Lazareti were built as one of the preventive health measures to protect the population of Dubrovnik during the time of Dubrovnik Republic.
Once upon the time Dubrovnik was a really important port, welcoming travelers from all over the world – one would say not much changed. But, it was a different time then, so back in 1337 the Dubrovnik Republic made a decision which introduced quarantine, for the first time in the world, as a measure of protection against spreading of infectious diseases, especially the plague. This decision was published in the so-called Green Book (Liber viridis) entitled: Veniens de locis pestiferis non Intra Ragusim nel districtum – Who comes from infected regions, should not get into Dubrovnik nor its area.
It was determined that the locals or foreigners coming from infectious regions can't enter the city, if they don't spend 30 days on the islands Mrkan, Bobara and Supetar, close to Cavtat.
In the decision made in 1397 it is said that foreigners and their ships can’t sail west from Molunat or east of Mljet, and are determined to be in the quarantine on the island Mrkan where at that time was a Franciscan monastery and on Mljet where there is Benedictine monastery.
Because of the distance, but also for strategic reasons, quarantine was moved closer to Dubrovnik in the 15th century.
At the beginning of the 15th century in Dubrovnik there was a quarantine on the Dance, one of the oldest beaches in Dubrovnik. In 1430 for this purpose some houses in the town park Gradac were chosend, and since 1457 quarantine at Dance is built, along with a church. Good organization of this quarantine allowed the complete abandonment of those on the islands near Cavtat.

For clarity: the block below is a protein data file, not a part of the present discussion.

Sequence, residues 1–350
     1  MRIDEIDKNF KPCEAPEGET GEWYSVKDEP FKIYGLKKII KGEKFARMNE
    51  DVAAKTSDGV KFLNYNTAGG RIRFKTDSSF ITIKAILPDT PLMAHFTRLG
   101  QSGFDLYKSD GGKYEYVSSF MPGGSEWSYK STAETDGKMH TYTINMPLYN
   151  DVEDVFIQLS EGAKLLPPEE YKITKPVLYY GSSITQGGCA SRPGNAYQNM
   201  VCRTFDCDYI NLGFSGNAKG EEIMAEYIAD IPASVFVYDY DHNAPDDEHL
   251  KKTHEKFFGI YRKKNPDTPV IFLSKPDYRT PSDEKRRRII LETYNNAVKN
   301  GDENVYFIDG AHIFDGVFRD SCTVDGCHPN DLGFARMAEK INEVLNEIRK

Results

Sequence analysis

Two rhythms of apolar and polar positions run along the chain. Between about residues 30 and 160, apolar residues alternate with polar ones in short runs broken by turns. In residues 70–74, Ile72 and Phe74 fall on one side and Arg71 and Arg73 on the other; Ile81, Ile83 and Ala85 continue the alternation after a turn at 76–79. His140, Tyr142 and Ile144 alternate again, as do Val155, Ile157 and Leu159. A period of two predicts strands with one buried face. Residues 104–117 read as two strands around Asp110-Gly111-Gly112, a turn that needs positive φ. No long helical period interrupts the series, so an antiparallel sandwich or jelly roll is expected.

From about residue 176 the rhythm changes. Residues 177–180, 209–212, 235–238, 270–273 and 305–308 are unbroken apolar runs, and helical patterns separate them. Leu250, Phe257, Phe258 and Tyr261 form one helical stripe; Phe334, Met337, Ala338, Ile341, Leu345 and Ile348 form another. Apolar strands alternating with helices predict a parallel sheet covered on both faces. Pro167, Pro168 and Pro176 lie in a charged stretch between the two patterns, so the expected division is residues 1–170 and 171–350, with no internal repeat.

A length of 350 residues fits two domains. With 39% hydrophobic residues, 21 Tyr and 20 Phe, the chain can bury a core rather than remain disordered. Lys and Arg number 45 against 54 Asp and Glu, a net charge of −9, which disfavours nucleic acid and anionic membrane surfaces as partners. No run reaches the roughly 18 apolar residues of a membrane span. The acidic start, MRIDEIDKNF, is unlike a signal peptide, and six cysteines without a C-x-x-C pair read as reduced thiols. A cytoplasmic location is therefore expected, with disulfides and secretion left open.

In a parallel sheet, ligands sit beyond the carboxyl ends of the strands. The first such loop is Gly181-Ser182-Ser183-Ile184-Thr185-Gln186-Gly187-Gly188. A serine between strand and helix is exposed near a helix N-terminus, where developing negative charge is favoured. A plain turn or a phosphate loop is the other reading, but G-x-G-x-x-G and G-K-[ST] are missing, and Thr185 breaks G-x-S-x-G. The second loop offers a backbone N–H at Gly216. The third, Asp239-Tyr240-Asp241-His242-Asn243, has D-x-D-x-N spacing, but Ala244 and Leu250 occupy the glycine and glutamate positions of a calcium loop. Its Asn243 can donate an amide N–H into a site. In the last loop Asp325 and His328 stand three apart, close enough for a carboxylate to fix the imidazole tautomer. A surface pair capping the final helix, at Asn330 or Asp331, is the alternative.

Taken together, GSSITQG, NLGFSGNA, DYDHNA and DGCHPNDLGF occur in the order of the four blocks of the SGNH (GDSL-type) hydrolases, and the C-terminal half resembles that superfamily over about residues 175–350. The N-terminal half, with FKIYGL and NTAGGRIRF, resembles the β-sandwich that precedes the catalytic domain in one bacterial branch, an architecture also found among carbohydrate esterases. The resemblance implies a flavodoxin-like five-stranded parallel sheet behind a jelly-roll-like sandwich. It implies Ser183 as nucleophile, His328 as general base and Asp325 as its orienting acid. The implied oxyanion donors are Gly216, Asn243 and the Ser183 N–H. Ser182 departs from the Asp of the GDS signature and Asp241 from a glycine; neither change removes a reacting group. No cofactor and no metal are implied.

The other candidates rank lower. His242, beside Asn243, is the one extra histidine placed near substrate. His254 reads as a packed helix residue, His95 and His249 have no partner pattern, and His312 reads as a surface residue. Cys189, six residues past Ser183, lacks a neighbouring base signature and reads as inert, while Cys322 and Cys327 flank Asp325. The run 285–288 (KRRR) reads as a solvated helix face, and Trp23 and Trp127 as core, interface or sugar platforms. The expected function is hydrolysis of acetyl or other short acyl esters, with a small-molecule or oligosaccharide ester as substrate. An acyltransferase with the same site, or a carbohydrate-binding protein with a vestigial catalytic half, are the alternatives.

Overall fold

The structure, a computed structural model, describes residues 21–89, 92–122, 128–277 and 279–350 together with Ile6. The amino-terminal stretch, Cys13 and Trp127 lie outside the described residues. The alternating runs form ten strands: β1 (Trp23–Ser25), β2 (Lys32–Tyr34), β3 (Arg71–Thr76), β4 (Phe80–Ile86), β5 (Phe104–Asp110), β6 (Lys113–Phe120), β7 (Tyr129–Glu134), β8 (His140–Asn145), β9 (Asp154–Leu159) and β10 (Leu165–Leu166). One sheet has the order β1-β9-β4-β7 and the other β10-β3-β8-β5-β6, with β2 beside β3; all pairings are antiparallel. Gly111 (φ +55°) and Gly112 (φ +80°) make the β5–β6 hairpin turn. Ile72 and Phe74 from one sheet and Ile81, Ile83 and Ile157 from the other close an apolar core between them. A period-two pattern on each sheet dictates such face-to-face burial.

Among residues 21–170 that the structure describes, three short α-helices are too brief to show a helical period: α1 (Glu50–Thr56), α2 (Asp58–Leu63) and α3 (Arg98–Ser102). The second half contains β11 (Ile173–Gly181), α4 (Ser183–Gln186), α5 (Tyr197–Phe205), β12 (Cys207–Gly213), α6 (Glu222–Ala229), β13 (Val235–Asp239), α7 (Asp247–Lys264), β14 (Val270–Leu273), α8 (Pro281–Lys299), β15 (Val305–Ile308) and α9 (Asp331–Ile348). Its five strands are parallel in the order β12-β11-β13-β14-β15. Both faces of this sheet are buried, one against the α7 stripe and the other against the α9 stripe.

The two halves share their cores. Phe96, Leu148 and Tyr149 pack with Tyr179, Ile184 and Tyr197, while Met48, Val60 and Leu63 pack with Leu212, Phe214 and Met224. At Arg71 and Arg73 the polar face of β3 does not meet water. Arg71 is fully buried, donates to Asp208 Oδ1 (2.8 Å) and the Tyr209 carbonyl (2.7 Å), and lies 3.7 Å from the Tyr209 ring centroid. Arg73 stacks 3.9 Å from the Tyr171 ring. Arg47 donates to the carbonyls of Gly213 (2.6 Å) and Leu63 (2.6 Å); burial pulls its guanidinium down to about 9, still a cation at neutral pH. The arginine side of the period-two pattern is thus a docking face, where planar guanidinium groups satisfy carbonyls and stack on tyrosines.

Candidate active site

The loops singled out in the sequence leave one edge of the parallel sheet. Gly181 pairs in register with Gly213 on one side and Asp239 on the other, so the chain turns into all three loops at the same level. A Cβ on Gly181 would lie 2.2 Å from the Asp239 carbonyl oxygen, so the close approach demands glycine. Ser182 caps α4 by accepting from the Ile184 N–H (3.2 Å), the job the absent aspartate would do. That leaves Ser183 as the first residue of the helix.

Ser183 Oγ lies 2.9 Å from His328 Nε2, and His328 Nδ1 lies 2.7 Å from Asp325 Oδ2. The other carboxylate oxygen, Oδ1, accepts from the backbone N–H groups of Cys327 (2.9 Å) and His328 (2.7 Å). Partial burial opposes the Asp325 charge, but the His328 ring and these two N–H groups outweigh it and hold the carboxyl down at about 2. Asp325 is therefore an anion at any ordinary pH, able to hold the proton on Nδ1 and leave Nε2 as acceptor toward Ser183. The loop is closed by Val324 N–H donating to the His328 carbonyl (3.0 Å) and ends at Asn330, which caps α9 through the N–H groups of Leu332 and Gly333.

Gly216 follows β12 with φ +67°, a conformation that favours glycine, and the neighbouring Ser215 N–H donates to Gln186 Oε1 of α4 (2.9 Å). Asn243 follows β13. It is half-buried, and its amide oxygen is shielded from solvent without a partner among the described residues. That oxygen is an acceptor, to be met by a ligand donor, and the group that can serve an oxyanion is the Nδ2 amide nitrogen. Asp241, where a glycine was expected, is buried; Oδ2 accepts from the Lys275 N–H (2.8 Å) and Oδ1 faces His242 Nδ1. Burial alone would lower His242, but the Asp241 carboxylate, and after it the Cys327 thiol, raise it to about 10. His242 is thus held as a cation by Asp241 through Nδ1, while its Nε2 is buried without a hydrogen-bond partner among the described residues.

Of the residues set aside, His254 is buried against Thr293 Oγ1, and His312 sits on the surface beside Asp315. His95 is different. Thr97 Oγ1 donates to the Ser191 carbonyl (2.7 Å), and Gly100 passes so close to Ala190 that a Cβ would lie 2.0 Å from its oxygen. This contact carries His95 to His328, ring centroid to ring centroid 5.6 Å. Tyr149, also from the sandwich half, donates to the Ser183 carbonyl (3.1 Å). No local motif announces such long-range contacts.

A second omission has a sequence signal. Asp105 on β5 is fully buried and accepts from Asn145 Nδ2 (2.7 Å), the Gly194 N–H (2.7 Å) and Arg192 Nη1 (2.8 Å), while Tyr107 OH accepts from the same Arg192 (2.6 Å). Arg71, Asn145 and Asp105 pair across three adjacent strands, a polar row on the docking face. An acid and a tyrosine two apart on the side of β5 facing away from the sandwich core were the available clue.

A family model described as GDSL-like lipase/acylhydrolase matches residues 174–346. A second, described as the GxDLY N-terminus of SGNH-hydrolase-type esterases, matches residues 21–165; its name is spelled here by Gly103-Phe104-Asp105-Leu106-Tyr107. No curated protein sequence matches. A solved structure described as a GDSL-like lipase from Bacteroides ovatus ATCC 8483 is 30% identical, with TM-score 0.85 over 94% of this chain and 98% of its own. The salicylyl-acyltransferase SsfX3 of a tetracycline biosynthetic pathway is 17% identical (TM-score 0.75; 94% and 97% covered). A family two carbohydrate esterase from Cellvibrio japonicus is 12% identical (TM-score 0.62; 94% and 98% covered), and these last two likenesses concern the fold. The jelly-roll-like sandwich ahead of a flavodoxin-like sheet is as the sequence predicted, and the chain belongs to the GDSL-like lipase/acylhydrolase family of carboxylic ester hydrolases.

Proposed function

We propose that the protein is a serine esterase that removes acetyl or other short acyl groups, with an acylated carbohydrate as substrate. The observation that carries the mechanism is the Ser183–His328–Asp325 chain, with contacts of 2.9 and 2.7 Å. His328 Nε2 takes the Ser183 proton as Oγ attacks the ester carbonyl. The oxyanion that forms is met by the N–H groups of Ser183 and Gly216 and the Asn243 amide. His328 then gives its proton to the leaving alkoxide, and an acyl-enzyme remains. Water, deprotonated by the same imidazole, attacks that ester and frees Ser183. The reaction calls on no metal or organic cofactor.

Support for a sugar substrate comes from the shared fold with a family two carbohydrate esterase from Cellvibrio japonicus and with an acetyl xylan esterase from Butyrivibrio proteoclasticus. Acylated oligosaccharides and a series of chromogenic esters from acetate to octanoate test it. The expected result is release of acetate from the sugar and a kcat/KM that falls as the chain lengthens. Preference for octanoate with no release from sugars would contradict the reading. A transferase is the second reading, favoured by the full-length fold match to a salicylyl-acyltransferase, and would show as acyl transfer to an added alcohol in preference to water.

In 1533 started the building of quarantine on the island of Lokrum. Although a large square quarantine was built, it was never completed or used. At the end of the 15th century, a decision was made on the construction of the Lazareti at Ploce. The start of construction was in 1590 and it was completed in 1642. Duration of quarantine was extended from thirty to forty days and health workers called 'kacamorti' were in charge to check if the rules of quarantene were respected.
Lazareti are impressive complex made of ten halls, among which are five internal courtyards with two houses at the entrance and the end. The complex is surrounded by a high wall and doors from the sea and the land side.
They now host some of Dubrovnik associations, such as Desa and Lindjo, but some of the halls are still searching for their purporses.